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The art of surgical strike: Courtesy the heron bird

New Delhi, June 14: Imagine standing in shallow waterwithout movingfor long periods of time. Toes spread out, feet firmly planted in squishy mud, eyes focused on finding a tasty fish or frog.

Updated Jun 14, 2021 08:06 AM

The art of surgical strike: Courtesy the heron bird

Suddenly, the head strikes underwater, grabs a passing treat with the beak and swallows it whole. Incredible surgical strike with precision.

I am always entranced watching the hunting behavior of long-legged wading birds like herons and egrets. They stand motionless for long minutes at the edge of a pond or swamp, waiting for prey to swim within striking distance. It's a technique sometimes described as stalking, and it convinces me that those birds have far more patience than I do.

The bird reminds me of Heron UAV drones of Indian defence forces which were used in the surgical attack on terrorist camps inside Pakistani territory. During the surgical strike, the Heron was up in the air monitoring and assessing the target. The Heron drones are equipped with laser guided bombs, long-range air to ground missiles and anti-tank guided missiles for precision surgical attack.

Like the heron birds, these drones stalk their "prey" with stealth. Flying at a height of 30,000 ft, Heron drones provide its operators with real-time information about enemy battlefields by performing surveillance and target acquisition over large areas.

Any fisherman will tell you that to catch a fish, you need the right bait, the perfect spot by the water's edge, and loads of patience. While they don't use the traditional line-and-tackle, herons have mastered these fishing techniques.

The heron, egret and bitterns bird species belong to the same family of Ardeidae - somewhat visually similar to cranes, storks and ibises. However, a closer look soon allows you to recognise them.

Herons are widely distributed over the world but are most common in the tropics. They usually feed while wading quietly in the shallow waters of pools, marshes, and swamps, catching frogs, fishes, and other aquatic animals. They nest in rough platforms of sticks constructed in bushes or trees near water; the nests usually are grouped in colonies called heronries.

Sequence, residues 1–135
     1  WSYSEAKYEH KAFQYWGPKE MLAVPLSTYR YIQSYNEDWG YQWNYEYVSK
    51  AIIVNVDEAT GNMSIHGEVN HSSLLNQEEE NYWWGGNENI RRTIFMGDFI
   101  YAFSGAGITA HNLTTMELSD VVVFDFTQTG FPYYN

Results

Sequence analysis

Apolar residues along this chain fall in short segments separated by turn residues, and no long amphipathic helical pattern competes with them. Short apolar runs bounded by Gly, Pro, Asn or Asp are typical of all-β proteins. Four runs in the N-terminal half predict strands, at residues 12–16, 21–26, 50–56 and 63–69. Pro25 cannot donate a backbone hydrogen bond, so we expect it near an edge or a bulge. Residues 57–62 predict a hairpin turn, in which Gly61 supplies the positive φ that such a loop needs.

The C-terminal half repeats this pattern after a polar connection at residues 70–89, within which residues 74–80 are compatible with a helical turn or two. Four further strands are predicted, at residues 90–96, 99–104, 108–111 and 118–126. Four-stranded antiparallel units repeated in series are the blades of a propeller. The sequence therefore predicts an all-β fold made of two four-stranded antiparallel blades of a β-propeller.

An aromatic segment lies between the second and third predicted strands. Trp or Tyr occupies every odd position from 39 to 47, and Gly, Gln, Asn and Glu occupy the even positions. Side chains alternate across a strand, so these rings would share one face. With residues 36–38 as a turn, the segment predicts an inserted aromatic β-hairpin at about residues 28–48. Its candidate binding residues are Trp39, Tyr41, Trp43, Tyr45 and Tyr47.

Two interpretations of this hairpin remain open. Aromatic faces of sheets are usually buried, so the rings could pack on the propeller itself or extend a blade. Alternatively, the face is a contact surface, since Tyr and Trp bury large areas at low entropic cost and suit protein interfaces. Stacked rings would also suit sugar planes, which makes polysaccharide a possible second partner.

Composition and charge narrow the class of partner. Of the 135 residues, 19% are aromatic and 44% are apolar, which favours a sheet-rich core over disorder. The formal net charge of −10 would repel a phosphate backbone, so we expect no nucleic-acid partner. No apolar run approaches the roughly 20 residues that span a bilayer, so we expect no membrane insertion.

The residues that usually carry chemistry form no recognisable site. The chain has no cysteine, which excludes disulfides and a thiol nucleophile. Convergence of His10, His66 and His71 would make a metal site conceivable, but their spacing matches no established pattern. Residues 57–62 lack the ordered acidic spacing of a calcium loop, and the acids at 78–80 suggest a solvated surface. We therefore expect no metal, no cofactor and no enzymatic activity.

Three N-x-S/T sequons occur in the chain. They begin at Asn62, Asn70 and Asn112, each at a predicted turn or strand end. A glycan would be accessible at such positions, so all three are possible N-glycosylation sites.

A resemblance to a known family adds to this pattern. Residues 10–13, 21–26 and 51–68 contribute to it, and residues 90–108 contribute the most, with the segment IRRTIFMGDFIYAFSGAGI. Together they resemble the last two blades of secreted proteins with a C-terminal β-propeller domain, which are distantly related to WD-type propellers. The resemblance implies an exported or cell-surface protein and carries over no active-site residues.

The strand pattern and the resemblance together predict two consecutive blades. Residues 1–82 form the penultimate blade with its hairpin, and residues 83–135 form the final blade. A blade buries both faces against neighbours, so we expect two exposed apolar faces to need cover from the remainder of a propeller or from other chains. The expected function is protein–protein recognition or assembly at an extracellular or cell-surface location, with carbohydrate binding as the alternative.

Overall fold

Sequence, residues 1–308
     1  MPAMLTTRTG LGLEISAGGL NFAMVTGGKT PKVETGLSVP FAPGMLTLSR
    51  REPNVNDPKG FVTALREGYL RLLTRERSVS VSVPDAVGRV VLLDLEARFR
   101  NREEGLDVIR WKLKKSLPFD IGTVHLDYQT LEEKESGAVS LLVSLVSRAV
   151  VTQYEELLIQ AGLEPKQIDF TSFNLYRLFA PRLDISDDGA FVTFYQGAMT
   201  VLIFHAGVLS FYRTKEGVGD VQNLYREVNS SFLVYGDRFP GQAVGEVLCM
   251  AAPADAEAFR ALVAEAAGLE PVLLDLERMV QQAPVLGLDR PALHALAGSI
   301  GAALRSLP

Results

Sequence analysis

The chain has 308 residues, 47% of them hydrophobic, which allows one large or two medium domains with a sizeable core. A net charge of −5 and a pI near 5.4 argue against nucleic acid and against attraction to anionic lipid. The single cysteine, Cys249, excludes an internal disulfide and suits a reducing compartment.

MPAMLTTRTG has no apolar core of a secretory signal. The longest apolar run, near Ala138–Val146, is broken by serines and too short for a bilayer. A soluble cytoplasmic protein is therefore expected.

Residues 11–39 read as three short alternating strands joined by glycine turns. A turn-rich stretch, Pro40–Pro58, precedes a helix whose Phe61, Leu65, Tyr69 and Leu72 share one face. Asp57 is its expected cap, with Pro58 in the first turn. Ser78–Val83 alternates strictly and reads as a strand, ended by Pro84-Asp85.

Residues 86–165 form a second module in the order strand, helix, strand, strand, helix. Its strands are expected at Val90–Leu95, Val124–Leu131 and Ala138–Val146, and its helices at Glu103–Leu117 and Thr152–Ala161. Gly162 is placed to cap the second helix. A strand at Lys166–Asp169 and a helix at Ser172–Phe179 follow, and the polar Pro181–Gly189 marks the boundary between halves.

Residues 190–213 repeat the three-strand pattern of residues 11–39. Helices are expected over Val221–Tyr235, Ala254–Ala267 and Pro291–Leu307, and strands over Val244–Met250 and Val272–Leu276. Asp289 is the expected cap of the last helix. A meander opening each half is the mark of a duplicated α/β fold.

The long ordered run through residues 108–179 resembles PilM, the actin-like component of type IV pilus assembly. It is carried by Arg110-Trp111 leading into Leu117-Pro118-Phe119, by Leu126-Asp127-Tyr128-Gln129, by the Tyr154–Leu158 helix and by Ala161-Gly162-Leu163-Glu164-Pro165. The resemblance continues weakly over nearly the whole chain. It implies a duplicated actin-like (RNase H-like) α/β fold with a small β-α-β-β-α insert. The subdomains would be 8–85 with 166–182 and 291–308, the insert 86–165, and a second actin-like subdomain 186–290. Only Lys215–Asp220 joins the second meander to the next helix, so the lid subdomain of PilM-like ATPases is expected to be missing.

There are six types of herons found in Indiathe purple heron, grey heron, black-crowned night Heron, pond heron, western reef heron and striated heron and the white-bellied heron.

Out of these, the white-bellied herons are extremely rare. The IUCN Red List classifies them as "Critically Endangered" and estimates there are between 50 to 249 mature individuals left in the wild.

The smallest of the common herons in India are the pond heron, also known as paddy heron and black-crowned night heron and striated heron. They are common in and around Indian cities, around lakes, ponds, marshes, and wetlands. Unlike their larger, long-necked cousins, these herons usually hold their necks tight up against their bodies, giving them a stocky, hunched appearance.

Instead of getting the feet wet, these herons perch on vegetation or low-hanging branches at the water's edge and when small fish come in the range, they strike rapidly, extending the neck and dagger-like beak. The victim is swallowed whole. They have an excellent camouflage, feeding on fish and amphibians at the edge of ponds and marshy wetlands.

Aptly named, the black-crowned night heron prefers the pre-dawn hours for fishing when fish are most active. This helps them avoid the crowds (other birds fishing).

Grey herons are the largest among the herons found in India. They grow up-to a metre tall and its wings can spread up to 195 cms. These big Herons commonly stand with the neck bent in an S' shape. They fly with the legs trailing loosely and the head held back against the body, instead of stretching the neck out in front as most birds do. They have broad wings, long straight sharp-pointed bills, and powder downs; the latter are areas of feathers that continually disintegrate to a fine powder which is used for preening (absorbing and removing fish oil, scum, and slime from the plumage).

The big herons like purple herons, grey herons eat frogs, insects but their main source of food is fish, and have evolved to become highly efficient at catching them. The herons are tall and have long legs which gives them the ability to catch fish in their favourite manner which typically involves wading slowly in shallow water.

Sometimes herons lure fish by dropping things into the waterinsects, tiny feathers or leaves, even worms. Then it waits perfectly still and suddenly it strikes, deftly snatching a fish with a swift jab of its beak. Herons have only one rule: Be patient, but take focused action when the time is right.

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